Restaurants in Jerusalem
The Algorithmic Game Theory Semester in Jerusalem has been amazing – made a lot of good friends and learned many interesting things. Now, ready to go back to the US, I feel I should share a bit about nice places to go in Jerusalem. Together with Vasilis Syrgkanis, I decided to compile a list of good restaurants, cafes, … specially a list of places open in shabbat (which is quite useful for the visitor).
My Favourite Restaurants
- Machne-yuda : Next to the Mahane Yehuda market, the restaurant menu changes everyday (with a couple of dishes which are always there). The food is whatever is in that day in the market. Everything was perfect both times I went. I strongly recommend the polenta and the black risotto. We took almost 1 month to make a reservation and eventually we got one. Eventually we learned a nice trick – if you arrive there very late (say aroud midnight), it is not impossible to get a table (we got one in the bar right away, arriving at 11:30pm). Elisa Celis suggested this place, and I think Omer Reingold suggested it to her.
- Chakra : There is a tasting menu that is amazing. It is around 160 NIS, but worth every cent. It started with chicken livers, salads, calamari, ceviche, shrimp (the shrimp was awesome), fish kebab and mussels. After the fish part ended, they brought us many meat dishes, like a beef strogonoff (I am still puzzled by how soft the meat was), lamb chops and beef kebab. It ended with a simple, yet perfect, chocolate dessert and ice-cream with tahina. Thanks to Shahar Dobzinski and Sigal Oren for the suggestion.
- Carousella: It is a small restaurant in the corner of the street I used to live in Jerusalem (it is located in the corner of Azza and Metudela in Rehavia). It is a vegetarian French/Israeli restaurant and has my favorite shakshouka in town – it is actually a mix o shakshouka and ratatouille. I also like very much their risotto. We used to have breakfast/brunch there quite a lot – usually getting either the shakshouka or the musli. The house cake is definitely recommended too… It is my favourite place to work (they have wifi and a nice record player and a huge collection of records). Thanks to Omer Tamuz for this suggestion.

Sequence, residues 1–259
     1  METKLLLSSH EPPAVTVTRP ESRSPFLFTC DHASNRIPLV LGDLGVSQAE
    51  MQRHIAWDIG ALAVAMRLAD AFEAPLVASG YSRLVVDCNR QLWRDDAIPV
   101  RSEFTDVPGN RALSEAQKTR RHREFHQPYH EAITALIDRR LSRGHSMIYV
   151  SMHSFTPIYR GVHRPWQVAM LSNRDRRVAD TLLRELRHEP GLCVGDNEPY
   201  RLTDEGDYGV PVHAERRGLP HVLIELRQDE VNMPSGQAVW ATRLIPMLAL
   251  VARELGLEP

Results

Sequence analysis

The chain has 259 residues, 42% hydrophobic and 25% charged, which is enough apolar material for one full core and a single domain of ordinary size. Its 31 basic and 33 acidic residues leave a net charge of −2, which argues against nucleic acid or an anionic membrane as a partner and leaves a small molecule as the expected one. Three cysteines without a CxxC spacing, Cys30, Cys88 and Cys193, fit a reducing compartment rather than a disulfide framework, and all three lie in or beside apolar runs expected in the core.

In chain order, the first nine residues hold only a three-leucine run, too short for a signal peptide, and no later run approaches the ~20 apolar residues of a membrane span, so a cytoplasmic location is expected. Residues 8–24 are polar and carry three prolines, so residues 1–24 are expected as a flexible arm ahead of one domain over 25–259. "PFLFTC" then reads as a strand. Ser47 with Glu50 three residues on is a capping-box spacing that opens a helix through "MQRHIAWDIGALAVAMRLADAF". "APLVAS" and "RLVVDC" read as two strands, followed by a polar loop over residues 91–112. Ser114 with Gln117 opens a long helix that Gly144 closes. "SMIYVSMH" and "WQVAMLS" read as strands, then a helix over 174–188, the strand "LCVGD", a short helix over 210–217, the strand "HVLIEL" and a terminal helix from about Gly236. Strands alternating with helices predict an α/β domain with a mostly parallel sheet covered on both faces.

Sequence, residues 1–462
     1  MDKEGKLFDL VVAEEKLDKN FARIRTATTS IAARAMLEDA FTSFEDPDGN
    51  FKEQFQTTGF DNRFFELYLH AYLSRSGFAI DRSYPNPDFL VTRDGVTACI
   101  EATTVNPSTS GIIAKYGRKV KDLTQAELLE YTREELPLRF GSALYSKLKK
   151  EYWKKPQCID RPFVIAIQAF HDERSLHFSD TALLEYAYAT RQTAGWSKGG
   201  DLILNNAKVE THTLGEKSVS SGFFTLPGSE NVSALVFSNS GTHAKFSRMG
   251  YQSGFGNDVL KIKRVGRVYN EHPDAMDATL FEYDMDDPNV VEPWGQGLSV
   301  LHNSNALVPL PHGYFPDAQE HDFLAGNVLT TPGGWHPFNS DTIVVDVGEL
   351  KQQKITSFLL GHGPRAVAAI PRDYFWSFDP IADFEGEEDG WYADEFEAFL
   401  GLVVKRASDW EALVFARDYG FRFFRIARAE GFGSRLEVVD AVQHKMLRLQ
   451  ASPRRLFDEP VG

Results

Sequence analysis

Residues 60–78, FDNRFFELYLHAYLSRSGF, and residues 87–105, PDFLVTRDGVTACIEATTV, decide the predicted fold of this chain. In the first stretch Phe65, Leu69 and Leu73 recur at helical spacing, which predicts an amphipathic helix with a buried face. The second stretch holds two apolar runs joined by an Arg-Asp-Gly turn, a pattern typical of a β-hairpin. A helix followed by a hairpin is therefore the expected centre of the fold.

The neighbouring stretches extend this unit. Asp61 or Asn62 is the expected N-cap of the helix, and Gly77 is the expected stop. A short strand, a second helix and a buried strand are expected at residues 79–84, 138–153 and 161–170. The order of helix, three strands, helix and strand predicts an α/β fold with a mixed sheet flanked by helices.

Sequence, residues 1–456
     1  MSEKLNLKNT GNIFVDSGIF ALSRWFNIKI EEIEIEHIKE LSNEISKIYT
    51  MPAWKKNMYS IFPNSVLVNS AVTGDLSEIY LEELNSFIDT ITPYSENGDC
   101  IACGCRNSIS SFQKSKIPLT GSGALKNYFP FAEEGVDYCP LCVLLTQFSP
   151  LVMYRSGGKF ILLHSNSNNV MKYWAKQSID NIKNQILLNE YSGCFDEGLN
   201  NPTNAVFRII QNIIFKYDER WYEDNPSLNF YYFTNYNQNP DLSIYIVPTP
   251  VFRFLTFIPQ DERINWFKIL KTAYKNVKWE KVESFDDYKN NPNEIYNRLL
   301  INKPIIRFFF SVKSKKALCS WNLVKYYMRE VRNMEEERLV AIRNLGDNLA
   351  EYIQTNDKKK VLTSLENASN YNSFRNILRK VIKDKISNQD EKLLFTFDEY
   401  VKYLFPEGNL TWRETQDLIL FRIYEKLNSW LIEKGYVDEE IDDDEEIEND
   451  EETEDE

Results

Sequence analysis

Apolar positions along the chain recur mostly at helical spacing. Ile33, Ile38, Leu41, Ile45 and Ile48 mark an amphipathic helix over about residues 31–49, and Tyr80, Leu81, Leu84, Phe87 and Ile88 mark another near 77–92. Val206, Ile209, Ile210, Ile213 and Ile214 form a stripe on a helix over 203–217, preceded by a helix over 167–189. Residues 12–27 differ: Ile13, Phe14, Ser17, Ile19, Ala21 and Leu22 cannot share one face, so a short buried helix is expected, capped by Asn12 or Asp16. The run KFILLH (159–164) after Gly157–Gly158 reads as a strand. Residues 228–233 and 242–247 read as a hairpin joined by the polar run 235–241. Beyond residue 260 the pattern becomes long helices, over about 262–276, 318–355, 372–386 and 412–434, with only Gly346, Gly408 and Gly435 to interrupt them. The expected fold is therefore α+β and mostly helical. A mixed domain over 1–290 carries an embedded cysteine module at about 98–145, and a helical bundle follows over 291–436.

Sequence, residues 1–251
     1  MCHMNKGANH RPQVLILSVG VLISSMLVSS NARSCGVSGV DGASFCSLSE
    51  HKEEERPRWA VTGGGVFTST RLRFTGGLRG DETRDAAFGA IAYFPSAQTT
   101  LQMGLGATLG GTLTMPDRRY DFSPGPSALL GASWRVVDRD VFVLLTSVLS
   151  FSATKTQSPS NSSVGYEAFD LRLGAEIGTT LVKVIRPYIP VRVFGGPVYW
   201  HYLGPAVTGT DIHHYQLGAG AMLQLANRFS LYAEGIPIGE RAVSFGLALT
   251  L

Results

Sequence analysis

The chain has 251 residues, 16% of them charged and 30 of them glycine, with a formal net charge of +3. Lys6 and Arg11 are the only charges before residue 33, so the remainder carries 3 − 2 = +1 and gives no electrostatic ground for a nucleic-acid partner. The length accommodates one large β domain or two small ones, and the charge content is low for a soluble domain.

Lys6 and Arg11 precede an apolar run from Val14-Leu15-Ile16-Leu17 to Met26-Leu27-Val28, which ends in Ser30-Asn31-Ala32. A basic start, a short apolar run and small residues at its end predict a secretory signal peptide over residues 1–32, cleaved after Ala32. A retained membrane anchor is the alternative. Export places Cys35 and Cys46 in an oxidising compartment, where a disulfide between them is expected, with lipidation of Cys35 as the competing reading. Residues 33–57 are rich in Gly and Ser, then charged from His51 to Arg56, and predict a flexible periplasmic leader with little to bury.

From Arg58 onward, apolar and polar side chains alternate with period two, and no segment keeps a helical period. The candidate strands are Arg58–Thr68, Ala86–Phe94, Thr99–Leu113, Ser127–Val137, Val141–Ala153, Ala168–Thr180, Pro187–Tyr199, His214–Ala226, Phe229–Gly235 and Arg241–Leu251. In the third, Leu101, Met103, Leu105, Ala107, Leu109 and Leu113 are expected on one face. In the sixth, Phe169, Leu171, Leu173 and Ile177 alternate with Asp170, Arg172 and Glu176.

- Lina: It is known as the best hummus in the city (some claim the best hummus in the world). It is located in the Via Dolorosa and not hard to find. Arriving in the Via Dolorosa, you can just ask directions and everyone knows. Everything is recommended.
- From Gaza to Berlin: is a small and super cheap restaurant in Rehavia – their hummus is very tasty (specially the hummus with meat), the kubbeh soup is very nice and their falafel is famous around here.
- Marvad Haksamim (The Magic Carpet): a very nice arabic place – great bread, hummus, … The soups are very good (I tried the lentil and the kubeh soup) and the meat is usually good as well. I tried the chopped livers and the kebab. The Mixed Jerusalem Grill is a famous plate, I guess.
Places to eat/work on shabbat: on Saturday and Friday night most of the things in the city are closed, so it is good to know some places to go:
- Restobar: good food and generally open
- Zuni: very nice and open 24 hours a day, 7 days a week. Has every type of meal (brunch, lunch, coffee, drinks), served all the time. Good for working too…
- Mona: a very cool American/Israeli restaurant inside a former art school. Food is very good and has also a very nice bar.
- Spaguettim: nice location, wifi, good coffee and snacks. I never tried the food, though.
- many places on Hillel Street: for example the Iwo Meat Burger (a pretty good non-kosher burger place), the pizza place next to it and a couple of bars nearby
In the old city
- Cheese pie: I don’t know how to give an exact location, but this should help you: very near to the Church of the Holy Sepulcher in the Old City, you can find the Coptic Patriarchate. Try to locate the stairs leading to the Patriarchate and before going up, there is a place that sells only one thing: a cheese pie. There is a big marble table and a man with a bowl of dough, some cheese and syrup. He prepares everything in front of you and then puts it in the oven. It takes around 20 minutes. It is very impressive.
- Armenian Tavern: a very beautiful place hidden in the old city. Food is nice (the lemonade is very refreshing and tastes great) but the better thing is the feeling that you are dining inside a museum.
Hotel Bars and Cafes
- Mamilla Terrace: the restaurant in the terrace of Mamilla Hotel is pretty nice and has a good view of the old city. It is a good place to go for drinks as well. It is closed (I think) on shabbat.
- Notre Dame Terrace: the Notre Dame hotel has also a great view to the Temple Mount and pretty nice food. It is very relaxing to sit there and look the old city. There is another restaurant in the hotel called La Rotisserie, which I very much appreciated. It is also open on shabbat.
In Tel Aviv